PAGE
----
TV tip: Dangers in the desert sand: "Barefoot through Australia"

You've gotten around the world quite a bit.

TV tip: Dangers in the desert sand: "Barefoot through Australia"

You've gotten around the world quite a bit. Svenja (Anneke Kim Sarnau) and her daughter Kira (Amira Demirkiran) have been to many countries. However, they have always lived in hotels. Because the mother is a hotel manager. Now they live in Australia. Svenja tries there to make a run-down hotel presentable again.

Teenage Kira is naughty with her mother and messes with the teachers, nearly expelling her from school. One day she is gone, along with Jack (Tjiirdm McGuire), the indigenous son of tourist guide Kalti (Aaron Pedersen). The tragic comedy "Barefoot through Australia" runs this Wednesday at 8:15 p.m. on the first.

The two young people want to go on a "walkabout", a kind of dream path, to find their own special place where they can feel at home. However, the trip will not be cosy, because all sorts of dangers lurk in the desert sand and under the rugged rocks: large snakes and poisonous spiders, stray wild dogs - and of course the scorching heat. It is as it must be: Jack is bitten by a snake whose venom paralyzes surprisingly quickly. Luckily, the two are already being looked for by Svenja and Kalti.

Anneke Kim Sarnau (50, "Mother, Kutter, Kind", "Neuland") plays a troubled single mother who doesn't allow herself to be bent. Her home is always her daughter - wherever. As clear as that is for her, it is less so for Kira, who no longer wants to be pushed around - and of course has her pride. Amira Demirkiran (21, "School by the Sea", "The Promise") convincingly plays the unruly daughter who nobody can do anything right - especially not her own mother.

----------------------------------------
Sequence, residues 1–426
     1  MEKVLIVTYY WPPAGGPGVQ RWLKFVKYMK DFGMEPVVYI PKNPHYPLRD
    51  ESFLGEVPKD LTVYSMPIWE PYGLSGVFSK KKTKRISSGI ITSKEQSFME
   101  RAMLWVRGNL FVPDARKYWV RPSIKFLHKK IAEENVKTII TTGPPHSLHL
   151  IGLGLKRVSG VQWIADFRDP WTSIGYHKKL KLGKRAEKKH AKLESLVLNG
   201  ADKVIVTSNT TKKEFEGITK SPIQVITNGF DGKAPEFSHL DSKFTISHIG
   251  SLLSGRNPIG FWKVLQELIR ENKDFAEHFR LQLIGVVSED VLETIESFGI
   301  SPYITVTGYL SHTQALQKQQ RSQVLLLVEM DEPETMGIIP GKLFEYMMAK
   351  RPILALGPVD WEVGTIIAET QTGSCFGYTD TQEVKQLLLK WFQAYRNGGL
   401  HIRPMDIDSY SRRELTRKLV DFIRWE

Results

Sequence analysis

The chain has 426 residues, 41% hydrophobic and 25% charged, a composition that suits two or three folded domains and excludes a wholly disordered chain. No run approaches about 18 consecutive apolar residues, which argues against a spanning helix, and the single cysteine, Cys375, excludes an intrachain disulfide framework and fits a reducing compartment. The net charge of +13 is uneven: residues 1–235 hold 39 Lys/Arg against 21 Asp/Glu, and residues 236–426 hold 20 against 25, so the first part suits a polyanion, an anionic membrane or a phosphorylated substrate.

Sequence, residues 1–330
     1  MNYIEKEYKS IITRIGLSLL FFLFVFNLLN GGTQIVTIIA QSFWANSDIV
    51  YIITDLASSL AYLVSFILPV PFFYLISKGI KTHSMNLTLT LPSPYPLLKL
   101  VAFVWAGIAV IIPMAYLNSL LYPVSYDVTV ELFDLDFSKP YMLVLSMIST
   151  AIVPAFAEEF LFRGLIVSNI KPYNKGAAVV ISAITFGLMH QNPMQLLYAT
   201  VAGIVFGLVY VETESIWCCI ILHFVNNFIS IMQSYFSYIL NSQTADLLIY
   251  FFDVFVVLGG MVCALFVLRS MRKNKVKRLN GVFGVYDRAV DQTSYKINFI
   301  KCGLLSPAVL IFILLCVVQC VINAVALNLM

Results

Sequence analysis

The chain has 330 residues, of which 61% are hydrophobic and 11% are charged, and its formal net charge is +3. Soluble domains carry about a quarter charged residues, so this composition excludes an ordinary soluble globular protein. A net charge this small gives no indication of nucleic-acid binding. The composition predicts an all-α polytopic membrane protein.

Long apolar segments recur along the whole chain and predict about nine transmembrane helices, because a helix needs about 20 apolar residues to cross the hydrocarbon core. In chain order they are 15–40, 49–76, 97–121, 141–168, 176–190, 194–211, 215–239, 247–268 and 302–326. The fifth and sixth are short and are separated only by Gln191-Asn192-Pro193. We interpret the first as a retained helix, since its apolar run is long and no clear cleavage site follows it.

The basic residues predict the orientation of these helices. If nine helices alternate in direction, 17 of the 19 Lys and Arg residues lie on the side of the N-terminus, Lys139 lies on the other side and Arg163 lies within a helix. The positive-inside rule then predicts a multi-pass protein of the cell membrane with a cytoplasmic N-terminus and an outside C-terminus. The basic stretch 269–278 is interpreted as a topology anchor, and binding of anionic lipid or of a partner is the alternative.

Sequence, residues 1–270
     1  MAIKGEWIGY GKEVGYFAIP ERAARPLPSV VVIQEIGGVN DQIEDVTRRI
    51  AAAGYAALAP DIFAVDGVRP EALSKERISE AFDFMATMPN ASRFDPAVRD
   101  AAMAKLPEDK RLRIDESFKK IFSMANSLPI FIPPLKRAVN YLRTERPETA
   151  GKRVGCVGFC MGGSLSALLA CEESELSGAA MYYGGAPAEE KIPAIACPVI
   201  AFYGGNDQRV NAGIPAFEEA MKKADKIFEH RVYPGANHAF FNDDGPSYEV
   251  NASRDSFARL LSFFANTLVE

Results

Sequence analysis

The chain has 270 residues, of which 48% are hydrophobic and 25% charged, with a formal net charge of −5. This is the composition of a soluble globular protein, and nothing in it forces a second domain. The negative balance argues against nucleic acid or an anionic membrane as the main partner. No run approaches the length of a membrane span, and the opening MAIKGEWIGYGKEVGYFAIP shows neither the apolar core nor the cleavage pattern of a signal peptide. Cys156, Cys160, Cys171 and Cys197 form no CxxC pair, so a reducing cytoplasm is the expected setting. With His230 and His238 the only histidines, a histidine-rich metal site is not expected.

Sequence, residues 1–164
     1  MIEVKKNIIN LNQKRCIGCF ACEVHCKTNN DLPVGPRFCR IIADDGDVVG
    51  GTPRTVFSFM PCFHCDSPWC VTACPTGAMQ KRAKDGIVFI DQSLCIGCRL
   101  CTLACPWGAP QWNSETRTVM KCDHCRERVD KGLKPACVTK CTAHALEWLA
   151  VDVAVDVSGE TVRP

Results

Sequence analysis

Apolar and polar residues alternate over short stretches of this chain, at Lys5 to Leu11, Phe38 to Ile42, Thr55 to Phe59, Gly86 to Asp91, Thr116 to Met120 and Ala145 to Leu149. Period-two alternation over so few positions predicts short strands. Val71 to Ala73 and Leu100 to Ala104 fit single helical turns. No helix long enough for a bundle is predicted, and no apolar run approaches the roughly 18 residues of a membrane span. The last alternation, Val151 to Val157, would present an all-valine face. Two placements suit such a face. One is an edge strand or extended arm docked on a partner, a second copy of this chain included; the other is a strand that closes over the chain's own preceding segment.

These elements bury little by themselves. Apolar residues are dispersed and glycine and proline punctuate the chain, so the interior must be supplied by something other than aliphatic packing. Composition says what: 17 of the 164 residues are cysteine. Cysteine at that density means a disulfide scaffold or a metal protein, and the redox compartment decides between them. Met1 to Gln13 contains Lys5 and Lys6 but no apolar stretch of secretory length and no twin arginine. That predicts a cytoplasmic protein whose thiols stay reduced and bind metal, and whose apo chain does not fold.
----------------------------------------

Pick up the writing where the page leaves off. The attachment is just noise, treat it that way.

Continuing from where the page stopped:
The film is directed by the name Alan Smithee - which is used as a pseudonym when the actual director does not want his name associated with the work. It was shot almost three years ago, in February 2020 in Adelaide and in the Australian outback, near Nilpena. Both are astonishing, because finished films usually don't stay put for so long.

In Australia, of course, there are always beautiful pictures of just such natural landscapes, which are framed here by astonishingly harmless music. The whole story is told uninspired and quite predictable - sometimes terribly cheesy, but sometimes quite dramatic. The action could also take place in Rheda-Wiedenbrück, but of course the landscape there is not quite as exciting. But walking barefoot would also work.

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